Cervical Spine Sprain/Strain Injuries Workup

Updated: Jan 21, 2016
  • Author: Gerard A Malanga, MD; Chief Editor: Sherwin SW Ho, MD  more...
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Workup

Laboratory Studies

Laboratory studies are generally not necessary for the diagnosis of cervical spine strain/sprain injuries.

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Imaging Studies

Plain radiographs

In cervical spine trauma, routine radiography remains the initial imaging study of choice. Cervical spine radiographs should be obtained unless the history is clearly one of overuse. Of note, the microscopic damage that occurs as a result of a suspected whiplash syndrome or impulse loading due to athletic activity may not be seen on routine imaging studies.

A cervical spine series usually includes anteroposterior (AP), lateral, oblique, and odontoid views. [13] All 7 vertebrae must be visualized, and the disc spaces should be approximately equal throughout the cervical spine.

The lateral view is useful for assessing alignment and soft-tissue swelling. The normal distance between the front of C3-C5 and the tracheal shadow is 5 mm in the adult. An increase in this distance suggests soft-tissue swelling and significant injury.

The posterior borders of the vertebral bodies should lie in a relatively straight line that gently curves in a lordotic direction. Lines drawn through the horizontal axis of each spinous process should converge on a point well posterior to the spine when normal cervical lordosis is present. Loss of lordosis implies muscle spasm, whereas loss of convergence implies potential instability. A step-off in the alignment of the vertebral bodies may indicate either a facet subluxation or dislocation or a posterior element fracture.

The lateral view is also useful in assessing the stability of C1 on C2. A space greater than 2-3 mm between the anterior border of the odontoid process and the adjacent posterior border of the anterior ring of C1 suggests abnormal mobility of C1, which can be due to an odontoid fracture or transverse ligament rupture. Lateral radiographs that demonstrate more than 11° of rotation from either adjacent vertebra or demonstrate more than 3.5 mm of horizontal displacement between any one vertebra in relationship to another represent an absolute contraindication to further participation in contact activities.

The odontoid or open-mouth view demonstrates the odontoid in the AP direction. The distances between the odontoid and the horizontal portions of the ring of C1 on each side should be equal. If these distances are not equal, a rotary subluxation may be present.

The oblique view best shows the facet joints and the neural foramina. If the radiographs reveal any evidence of fracture, dislocation, or subluxation, the patient's neck should be immobilized and the patient should be immediately referred to an orthopedist or neurosurgeon. If the initial static radiographs are normal, flexion-extension lateral views should be obtained once the acute symptoms have subsided. Note that in acute trauma cases, flexion-extension radiographs should be avoided, because during flexion-extension maneuvers, iatrogenic neurologic injuries may result. Flexion-extension views are valuable after acute trauma in revealing ligamentous subacute instability.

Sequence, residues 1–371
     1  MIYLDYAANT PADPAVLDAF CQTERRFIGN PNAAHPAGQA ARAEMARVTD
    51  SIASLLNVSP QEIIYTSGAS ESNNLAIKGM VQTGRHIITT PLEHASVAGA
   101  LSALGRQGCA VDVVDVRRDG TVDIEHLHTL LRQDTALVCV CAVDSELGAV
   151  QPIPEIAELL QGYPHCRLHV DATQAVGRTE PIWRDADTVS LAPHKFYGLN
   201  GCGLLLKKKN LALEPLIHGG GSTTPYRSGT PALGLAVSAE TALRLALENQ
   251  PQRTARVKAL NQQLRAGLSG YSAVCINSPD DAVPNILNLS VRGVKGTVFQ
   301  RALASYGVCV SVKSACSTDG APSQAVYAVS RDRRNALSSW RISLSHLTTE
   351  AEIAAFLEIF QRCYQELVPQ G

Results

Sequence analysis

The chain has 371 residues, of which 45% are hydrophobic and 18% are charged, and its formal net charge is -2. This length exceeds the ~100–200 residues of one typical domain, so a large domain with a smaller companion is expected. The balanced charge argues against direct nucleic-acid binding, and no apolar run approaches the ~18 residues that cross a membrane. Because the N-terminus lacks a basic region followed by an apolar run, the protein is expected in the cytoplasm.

Computed tomography (CT) scanning

CT scanning is performed in patients who have abnormal plain radiographs or in whom there is a strong clinical suspicion of a fracture with inconclusive radiographs. [13, 14]

Disruptions of the vertebral body or lamina, fractures of the facet joint, and fragments of intracanal bone are better shown by CT scan studies, particularly with reconstructed images. Multiplanar display, with reformation into sagittal or coronal projections, can greatly enhance demonstrations of fractures and other lesions that are not optimally shown in the transaxial plane or that cover relatively long areas.

CT scanning remains the imaging study of choice to evaluate traumatic bony lesions of the cervical spine.

Magnetic resonance imaging (MRI)

MRI is usually indicated in athletes with neurologic deficits and when plain radiographic films and CT scans do not provide enough information for definitive management.

MRI is useful in the diagnosis of cord and nerve root injury in patients who are neurologically compromised.

Advantages of MRI include the ability to detect soft-tissue and spinal cord abnormalities, such as disc herniation, ligamentous disruption, hematoma, cord hemorrhage or edema, and syringomyelia.

MRI or bone scintigraphy may be indicated in cases in which patients have continuing limitation of motion, pain, or radicular symptoms.

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